You had to be tough to make it in the Dothan wrestling circuit.
The environment at the Houston County Farm Center was oppressive on a good day – searing heat, dirt inside the ring and smoke in the air.
It was an arena that would seem to drive talent away, yet whether it was Gulf Coast Championship Wrestling, Southeastern Championship Wrestling or Continental Championship Wrestling, top stars kept returning and fans kept filling the stands.
“You could walk in that back door in Dothan and it was just like momma had opened her oven and she was taking her pie out,” said Robert Fuller, a longtime star and promoter in Dothan throughout the 1970s and ‘80s. “You’d get in there and it was hot. Man, it’d be 110 degrees in there, and a little smoky because they’d let people smoke, and you had the gravel in the ring. But then you’ve got those fans there, and they are just incredible. It’s just a different kind of place.”
The heat was a recurring memory for several Dothan-area legends who convened at the farm center for a Continental reunion Saturday night.
Robert’s brother, Ron Fuller, who was a major star as “The Tennessee Stud” and also owned the territory for years, remembers losing 22 pounds over the course of an hour-long match.
“You’d sweat,” he said. “You’d sweat like crazy. You’d sweat in the dressing room. It was a tough place. The heat was bad, but the crowd was good.”
One of the area’s top stars in the early ‘80s was “Universal Heartthrob” Austin Idol, who recalls conditioning being essential when wrestling in the farm center.
“You had to be an athlete. Really, you had to be an athlete,” Idol said. “You had to be in shape. I was always in good shape. (Ric) Flair was in good shape. All those guys were in really good shape. It was excruciating. No (air conditioning) in the arena, no AC in the dressing room, either. That was the only really bad thing about that farm center – the conditions, not good.”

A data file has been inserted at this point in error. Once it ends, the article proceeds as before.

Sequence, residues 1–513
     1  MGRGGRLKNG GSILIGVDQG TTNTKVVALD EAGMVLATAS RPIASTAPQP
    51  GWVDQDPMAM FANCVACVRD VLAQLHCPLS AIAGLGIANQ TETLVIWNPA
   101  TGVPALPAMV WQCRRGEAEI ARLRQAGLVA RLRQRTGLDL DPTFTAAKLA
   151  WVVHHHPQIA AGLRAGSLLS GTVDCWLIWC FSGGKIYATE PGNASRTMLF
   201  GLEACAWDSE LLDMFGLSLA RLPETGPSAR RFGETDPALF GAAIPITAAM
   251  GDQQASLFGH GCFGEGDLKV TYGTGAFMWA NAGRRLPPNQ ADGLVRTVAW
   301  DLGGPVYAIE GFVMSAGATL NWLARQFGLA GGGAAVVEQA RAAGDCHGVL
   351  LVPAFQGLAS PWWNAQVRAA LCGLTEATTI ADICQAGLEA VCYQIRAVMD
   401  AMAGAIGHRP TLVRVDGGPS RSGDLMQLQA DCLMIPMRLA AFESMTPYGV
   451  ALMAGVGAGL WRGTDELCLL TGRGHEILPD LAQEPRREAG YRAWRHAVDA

Despite the conditions, the fans never seemed to stop turning out to watch wrestling every weekend.
Don Fargo, who wrestled as one half of the Fargo Brothers among other colorful characters, first came to Dothan in 1956.
“Dothan was a great place at that time for wrestling, especially on TV,” Fargo said. “I had a lot of wild fights here. The fans, they just loved it. The fans were great here.”
Ron Fuller said Dothan was so profitable at its peak that it was considered one of the most successful territories in the U.S.
“For its size, it probably had the largest crowds per capita out of any place in the country,” Ron said. “We were one of the biggest-drawing territories in the country. Small state, small population, big crowds. Sometimes you’d see as many people here in Dothan as you would in Birmingham. It’s always been a great wrestling town.”
Robert first came to Dothan for horse shows around 1969, but soon he and his brother began wrestling in the area.
Robert wrestled in Dothan for 12 consecutive years after relocating to Pensacola, Fla., so his mind is full of great memories in the Circle City.